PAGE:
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  • About the Brotherhood of Railroad Signalmen
    The BRS was founded in 1901 as a trade union representing railroad employees working in what was then the new craft of signaling. As railroads increasingly turned to the new technology of signal systems to improve the safety and efficiency of their operations, the BRS expanded and eventually grew into a national organization representing the men and women who install and maintain signal systems for most of the nation's railroads.

    The BRS represents over 10,000 members working for railroads across the United States and into Canada. Signalmen install, repair and maintain the signal systems which railroads utilize to direct train movements. Automatic signals and switches installed and maintained by Signalmen allow railroads to move large numbers of freight and passenger trains at higher speeds and with greater safety. Signalmen also install and maintain the warning systems used at railroad-highway crossings, which play a vital role in ensuring the safety of highway travelers.

    Some Signalmen work constructing, installing or upgrading signal systems or making major repairs. After signal systems are installed, other Signalmen perform maintenance and inspection of the equipment. Many signal employees are assigned to a particular section of railroad and are responsible for keeping the signals, switches and crossing devices in their section in safe operating condition.

    Signalmen inspect and maintain the equipment on a regular schedule, using special test equipment to check mechanical devices and the sophisticated electrical and electronic devices used in modern signal systems. If there is a problem with the signal system, trains can be delayed and safety of the railroad operation will be affected. When that happens, Signalmen are called on to make repairs and restore safe operation of the railroad. Railroads operate 24 hours every day, so Signalmen are called on to work at all hours of the day and night, in all kinds of weather.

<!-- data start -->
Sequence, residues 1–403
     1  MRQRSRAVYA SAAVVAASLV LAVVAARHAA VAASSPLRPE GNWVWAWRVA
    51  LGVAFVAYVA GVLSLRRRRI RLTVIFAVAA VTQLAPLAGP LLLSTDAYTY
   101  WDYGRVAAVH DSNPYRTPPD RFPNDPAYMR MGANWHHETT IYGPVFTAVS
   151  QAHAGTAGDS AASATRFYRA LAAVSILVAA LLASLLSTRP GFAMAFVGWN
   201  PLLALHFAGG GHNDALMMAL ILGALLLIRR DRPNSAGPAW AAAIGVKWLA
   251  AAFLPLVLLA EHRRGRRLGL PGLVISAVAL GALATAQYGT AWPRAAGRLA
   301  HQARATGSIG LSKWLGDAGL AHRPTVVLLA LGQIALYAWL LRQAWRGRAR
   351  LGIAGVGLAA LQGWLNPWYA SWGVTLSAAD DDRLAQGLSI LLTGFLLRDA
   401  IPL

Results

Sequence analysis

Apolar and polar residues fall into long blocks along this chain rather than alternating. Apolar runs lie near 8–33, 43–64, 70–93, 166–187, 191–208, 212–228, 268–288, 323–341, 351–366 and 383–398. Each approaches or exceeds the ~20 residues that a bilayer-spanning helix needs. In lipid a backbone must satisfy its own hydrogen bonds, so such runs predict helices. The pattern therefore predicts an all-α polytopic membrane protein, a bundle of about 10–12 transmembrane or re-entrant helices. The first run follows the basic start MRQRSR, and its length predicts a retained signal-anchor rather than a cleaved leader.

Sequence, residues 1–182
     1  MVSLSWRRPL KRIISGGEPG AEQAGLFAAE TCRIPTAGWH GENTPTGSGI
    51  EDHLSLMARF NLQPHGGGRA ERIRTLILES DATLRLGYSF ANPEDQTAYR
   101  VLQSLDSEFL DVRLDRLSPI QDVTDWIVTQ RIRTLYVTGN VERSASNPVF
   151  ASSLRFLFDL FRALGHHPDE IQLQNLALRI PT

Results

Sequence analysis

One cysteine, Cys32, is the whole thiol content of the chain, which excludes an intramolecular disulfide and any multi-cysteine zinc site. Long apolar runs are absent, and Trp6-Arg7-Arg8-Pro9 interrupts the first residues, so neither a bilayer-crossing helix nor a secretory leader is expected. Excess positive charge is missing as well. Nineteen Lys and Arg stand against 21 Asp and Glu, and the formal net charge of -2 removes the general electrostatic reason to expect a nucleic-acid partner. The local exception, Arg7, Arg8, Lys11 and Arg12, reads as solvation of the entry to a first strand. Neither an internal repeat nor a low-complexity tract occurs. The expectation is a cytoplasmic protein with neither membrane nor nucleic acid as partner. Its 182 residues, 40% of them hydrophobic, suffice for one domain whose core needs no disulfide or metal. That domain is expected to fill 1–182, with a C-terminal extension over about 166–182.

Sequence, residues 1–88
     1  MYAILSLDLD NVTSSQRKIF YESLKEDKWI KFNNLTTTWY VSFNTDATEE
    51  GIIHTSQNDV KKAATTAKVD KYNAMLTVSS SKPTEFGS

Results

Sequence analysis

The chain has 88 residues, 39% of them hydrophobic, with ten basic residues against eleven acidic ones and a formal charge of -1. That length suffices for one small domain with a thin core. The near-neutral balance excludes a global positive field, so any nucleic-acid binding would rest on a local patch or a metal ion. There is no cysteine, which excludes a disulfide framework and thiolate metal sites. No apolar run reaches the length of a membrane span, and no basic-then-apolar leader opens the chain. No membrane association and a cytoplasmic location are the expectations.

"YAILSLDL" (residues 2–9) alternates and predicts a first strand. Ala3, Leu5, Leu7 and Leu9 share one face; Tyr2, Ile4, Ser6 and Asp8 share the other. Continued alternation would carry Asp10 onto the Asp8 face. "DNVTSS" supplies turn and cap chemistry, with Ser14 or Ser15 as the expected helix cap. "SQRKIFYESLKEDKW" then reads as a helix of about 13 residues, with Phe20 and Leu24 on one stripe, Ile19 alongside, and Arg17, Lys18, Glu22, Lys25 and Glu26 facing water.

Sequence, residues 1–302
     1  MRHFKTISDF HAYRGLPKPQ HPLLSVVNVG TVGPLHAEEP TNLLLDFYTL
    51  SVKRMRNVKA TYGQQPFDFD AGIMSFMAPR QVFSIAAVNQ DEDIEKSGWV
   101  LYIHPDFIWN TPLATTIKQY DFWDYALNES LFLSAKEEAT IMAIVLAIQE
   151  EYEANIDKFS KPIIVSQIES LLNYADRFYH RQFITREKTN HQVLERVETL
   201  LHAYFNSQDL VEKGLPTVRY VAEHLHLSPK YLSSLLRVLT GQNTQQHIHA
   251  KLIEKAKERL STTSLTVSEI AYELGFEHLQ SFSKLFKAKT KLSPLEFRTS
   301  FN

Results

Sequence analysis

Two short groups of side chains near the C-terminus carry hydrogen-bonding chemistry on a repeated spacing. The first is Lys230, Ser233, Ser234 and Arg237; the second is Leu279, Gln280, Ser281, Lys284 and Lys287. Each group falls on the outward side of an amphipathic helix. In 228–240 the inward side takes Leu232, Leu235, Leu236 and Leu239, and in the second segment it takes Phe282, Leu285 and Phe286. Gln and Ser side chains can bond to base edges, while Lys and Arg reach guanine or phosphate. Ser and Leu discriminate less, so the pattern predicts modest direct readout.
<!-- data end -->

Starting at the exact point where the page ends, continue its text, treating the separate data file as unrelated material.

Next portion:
Signalmen learn their craft through on-the-job experience and formal apprentice training programs. They are schooled in the stringent federal regulations which govern railroad signal systems, and in railroad operations, electricity, electronics, and mechanics. After serving an apprenticeship of up to four years, employees attain journeyman status. Many employees also receive advanced training in computer technology and the increasingly sophisticated electronic circuitry used in today's signal systems.

    The Brotherhood of Railroad Signalmen represents most of the signal employees on both the freight railroads and the passenger and commuter railroads. The Brotherhood's national headquarters is located in Front Royal, Virginia. The Brotherhood has local offices in every section of the country.

    The BRS is structured like many unions, with local lodges made up of members who work for a particular railroad, or in the case of large railroads, on a particular division of the railroad. Local lodges elect officers and representatives, establish bylaws and meet regularly to consider grievances, initiate new members and conduct other local business.

    Local lodges also elect delegates to represent them at the Brotherhood's conventions. While in session, conventions are the union's supreme authority and determine the direction of the union. Delegates set Brotherhood policy, review the general condition of the union, and establish collective bargaining goals. Delegates also elect Grand Lodge officers, who direct the operation of the Brotherhood between conventions.

    Michael S. Baldwin currently serves as President of the Brotherhood. He was elected to the position in 2021. James M. Finnegan serves as Secretary-Treasurer.

    The Brotherhood of Railroad Signalmen is affiliated with the AFL-CIO and the Transportation Trades Department.

    Page Last Updated: Dec 01, 2021 (11:49:45)
  • Brotherhood of Railroad Signalmen

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